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I'm finishing my undergraduate studies and I've been interested in several branches of math to research in the future, to say: functional analysis, differential equations, dynamical systems, differential and riemannian geometry, (general, differential and algebraic) topology, algebraic geometry, theory of groups and rings, etc.

My question is if is it possible to learn about all those things and to do research using all? or are there imncompatible areas between them? Because I have seen that almost all of the researchers of my faculty are centered to research in a very specific topic and that makes me believe that is not possible to learn all of the math that i want.

Thanks in advance for your answers!

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    It’s certainly possible for some people. Many years ago I heard that it was said that the day the great mathematician John Von Neumann died, twenty mathematicians became the top people in their fields. – Dan Romik Apr 10 '20 at 17:26
  • It's interesting to note that most modern mathematics is interdisciplinary in the sense that you will need to know/use tools from several fields of math. While this doesn't mean that one is working in several different areas of math, it does require a level of knowledge in those fields. My current problem is on geometric function theory in complex analysis but requires me to know some surgery theory, some harmonic analysis, some conformal geometry, etc. – tangentbundle Apr 11 '20 at 18:31
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It is definitely possible to do research in several branches (if you are good enough that is). But the people do so generally took decades to get to where they are. If your plan is to start in all of them at once, you are doomed to fail.

For the sake of the argument, let me arbitrarily distinguish different levels of knowledge in a topic.

  1. Textbook knowledge (what you learn in classes; definitions, big theorems, general ideas)
  2. Working knowledge (given a new problem (not a textbook problem, those are designed to be solved), knowing what could be done to solve it and the ability to do so)
  3. State of the art knowledge (what are the current problems in a topic, what are other people doing, what are new ideas, etc.)

Since you just finished undergrad, 1. will likely be the highest level you are at in any topic. Getting there is by far the easy part. It does not seem so in the beginning, but learning a new topic to that level gets easier the more you know. Level 2 is the minimal level needed to do actual research if you have someone to guide you. Getting you there in a single topic will take you the next few years. Level 3 is what you need to be an independent researcher. Even assuming that you are a dedicated, above average student, getting you there in a single topic will take you your whole Phd, if not a bit longer. The last level is also one that requires upkeep. Expect to spend several hours each week just to keep up with what other people are doing in a single topic.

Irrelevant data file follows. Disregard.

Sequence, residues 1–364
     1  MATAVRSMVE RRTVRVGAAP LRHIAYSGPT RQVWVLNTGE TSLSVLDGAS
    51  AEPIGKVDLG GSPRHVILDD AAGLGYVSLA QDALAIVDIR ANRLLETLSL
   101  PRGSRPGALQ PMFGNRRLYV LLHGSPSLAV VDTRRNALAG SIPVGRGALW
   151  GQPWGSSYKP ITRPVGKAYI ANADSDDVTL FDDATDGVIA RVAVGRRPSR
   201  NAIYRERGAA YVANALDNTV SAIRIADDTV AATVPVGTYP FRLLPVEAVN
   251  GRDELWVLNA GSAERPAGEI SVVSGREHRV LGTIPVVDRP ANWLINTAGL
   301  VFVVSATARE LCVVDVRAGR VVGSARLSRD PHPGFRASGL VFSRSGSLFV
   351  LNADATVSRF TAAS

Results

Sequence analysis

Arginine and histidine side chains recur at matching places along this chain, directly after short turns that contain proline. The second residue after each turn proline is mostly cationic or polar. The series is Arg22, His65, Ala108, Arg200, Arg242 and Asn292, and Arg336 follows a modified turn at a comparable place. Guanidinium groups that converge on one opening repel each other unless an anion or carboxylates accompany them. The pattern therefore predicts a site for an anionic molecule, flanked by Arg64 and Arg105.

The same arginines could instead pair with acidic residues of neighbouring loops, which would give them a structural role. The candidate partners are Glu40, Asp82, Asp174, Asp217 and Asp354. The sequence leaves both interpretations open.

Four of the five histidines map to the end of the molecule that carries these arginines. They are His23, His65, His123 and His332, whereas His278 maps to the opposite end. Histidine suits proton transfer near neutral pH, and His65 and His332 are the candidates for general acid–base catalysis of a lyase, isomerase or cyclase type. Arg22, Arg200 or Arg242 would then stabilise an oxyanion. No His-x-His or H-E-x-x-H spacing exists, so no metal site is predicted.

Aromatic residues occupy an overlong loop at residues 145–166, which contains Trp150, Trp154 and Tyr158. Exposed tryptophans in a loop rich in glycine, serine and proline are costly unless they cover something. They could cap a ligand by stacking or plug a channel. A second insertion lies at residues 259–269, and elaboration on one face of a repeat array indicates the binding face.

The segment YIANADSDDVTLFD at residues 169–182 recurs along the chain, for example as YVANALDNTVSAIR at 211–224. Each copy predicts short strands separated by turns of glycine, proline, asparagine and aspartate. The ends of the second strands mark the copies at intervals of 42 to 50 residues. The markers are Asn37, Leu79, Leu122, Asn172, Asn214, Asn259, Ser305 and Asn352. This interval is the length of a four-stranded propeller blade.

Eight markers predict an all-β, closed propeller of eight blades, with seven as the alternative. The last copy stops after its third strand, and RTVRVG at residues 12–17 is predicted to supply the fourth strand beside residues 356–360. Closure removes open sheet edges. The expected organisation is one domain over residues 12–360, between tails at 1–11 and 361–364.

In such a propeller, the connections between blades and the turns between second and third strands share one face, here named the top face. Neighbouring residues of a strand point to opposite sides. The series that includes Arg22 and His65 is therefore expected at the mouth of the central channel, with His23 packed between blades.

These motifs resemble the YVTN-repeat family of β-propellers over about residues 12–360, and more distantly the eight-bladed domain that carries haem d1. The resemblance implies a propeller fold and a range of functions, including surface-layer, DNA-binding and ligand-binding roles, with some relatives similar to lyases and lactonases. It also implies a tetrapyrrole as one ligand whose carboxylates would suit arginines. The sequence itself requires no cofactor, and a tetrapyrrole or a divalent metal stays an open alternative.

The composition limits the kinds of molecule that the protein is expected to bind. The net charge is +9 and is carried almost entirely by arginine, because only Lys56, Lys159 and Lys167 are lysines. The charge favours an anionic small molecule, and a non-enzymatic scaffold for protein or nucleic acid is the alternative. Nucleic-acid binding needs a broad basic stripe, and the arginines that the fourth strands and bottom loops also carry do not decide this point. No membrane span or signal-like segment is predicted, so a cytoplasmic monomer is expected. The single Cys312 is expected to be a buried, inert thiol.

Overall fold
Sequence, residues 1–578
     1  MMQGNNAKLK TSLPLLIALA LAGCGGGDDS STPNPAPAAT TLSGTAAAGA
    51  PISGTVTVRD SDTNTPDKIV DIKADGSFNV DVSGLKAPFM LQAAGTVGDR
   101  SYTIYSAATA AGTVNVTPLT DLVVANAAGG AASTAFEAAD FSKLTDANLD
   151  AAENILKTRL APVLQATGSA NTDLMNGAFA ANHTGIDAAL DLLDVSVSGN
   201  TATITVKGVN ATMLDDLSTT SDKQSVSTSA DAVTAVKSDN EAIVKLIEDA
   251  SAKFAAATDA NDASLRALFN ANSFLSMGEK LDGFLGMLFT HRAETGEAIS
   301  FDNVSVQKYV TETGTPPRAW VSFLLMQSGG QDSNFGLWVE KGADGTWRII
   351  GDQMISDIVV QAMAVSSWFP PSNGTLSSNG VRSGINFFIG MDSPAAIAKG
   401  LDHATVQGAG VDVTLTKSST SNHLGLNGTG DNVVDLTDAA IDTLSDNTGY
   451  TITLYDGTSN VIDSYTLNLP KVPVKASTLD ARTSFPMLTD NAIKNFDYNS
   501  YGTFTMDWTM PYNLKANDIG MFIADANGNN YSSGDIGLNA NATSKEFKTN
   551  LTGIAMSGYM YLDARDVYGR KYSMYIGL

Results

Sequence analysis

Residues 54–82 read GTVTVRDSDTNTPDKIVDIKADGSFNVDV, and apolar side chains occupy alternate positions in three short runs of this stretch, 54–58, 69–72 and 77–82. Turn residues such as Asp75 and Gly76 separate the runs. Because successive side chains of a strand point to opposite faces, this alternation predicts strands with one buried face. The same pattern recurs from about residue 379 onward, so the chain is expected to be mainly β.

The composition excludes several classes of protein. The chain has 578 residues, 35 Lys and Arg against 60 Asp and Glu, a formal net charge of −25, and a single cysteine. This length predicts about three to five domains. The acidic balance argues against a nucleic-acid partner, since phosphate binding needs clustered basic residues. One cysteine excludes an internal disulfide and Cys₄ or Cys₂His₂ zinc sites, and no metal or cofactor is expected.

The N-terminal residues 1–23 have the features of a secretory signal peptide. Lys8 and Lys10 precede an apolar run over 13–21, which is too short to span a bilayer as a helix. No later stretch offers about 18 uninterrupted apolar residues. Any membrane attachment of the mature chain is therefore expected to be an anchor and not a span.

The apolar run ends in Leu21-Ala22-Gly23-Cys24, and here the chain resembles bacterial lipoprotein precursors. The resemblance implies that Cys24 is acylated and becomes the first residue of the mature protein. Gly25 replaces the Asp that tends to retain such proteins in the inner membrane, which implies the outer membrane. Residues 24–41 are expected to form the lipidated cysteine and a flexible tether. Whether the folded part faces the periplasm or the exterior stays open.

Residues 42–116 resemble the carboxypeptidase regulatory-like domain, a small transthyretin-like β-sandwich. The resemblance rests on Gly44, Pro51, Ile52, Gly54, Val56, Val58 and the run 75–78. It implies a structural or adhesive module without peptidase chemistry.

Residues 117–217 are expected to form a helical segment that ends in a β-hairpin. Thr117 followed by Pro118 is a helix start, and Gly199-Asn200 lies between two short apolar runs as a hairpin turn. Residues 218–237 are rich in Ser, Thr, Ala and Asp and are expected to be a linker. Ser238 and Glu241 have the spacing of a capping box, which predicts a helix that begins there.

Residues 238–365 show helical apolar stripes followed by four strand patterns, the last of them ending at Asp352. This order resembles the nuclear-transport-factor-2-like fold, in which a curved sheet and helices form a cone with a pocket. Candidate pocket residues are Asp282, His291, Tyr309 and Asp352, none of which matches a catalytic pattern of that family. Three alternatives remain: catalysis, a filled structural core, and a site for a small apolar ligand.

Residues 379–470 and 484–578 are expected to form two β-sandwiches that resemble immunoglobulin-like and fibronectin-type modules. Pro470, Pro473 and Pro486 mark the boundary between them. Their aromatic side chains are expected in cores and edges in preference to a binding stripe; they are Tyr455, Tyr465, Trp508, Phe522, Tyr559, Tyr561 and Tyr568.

Now the simple truth about academic careers is that you can't be a PhD student or post-doc forever. You'll need some sort of permanent position to survive, which requires you to be an independent researcher, which requires state of the art knowledge. This is why you see so many people specializing on a single topic, to get to that level and to stay there.

I don't think that is the only way, but note that you'll need some focus. If you try to work in all topics on your list at once, you will never get anywhere and likely not even finish your PhD before you have to drop out. But if you first focus to get one to the highest level, you might still at some point find that you finally have enough free time to look at some of the others. From there things can develop naturally.

Personally I like to read textbooks on different topics in my free time. I even have some collaborations with other people on topics where I have working knowledge but wouldn't consider myself to be at the state of the art. But the reason that they work with me is that I can contribute ideas from the topic I spent most of my time in and where I am at the state of the art.

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Learning each branch is one thing, learning them to the level needed for research is another - that is why people specialise.

I went to the professor who taught us supersonic flow and had some detailed questions that came up from our lab.

He looked at me and the questions and said “I can answer these for you, but go and see Mr X because he worked on that in industry and he can give you a better answer.”

My respect for that professor increased at that point because some professors can’t or won’t admit others might be better.

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  • how does this answer the question – Praphulla Koushik Apr 10 '20 at 7:52
  • @PraphullaKoushik what do you think the answer should be? – Solar Mike Apr 10 '20 at 7:54
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    I added what I think is an answer :) – Praphulla Koushik Apr 10 '20 at 8:06
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While I agree with the other answers, I'd add:

Some of the most exciting mathematical research comes from combining techniques from different fields of mathematics. So while "doing research in multiple fields", in the sense of "today, I'll write a paper on this neat topic in topology; after that's done, I'll think about this completely unrelated question in number theory for a while" is not very realistic, there's a lot of opportunity out there to pursue a research topic that uses techniques from multiple areas of math. Or even a topic that lies in the intersection of several fields.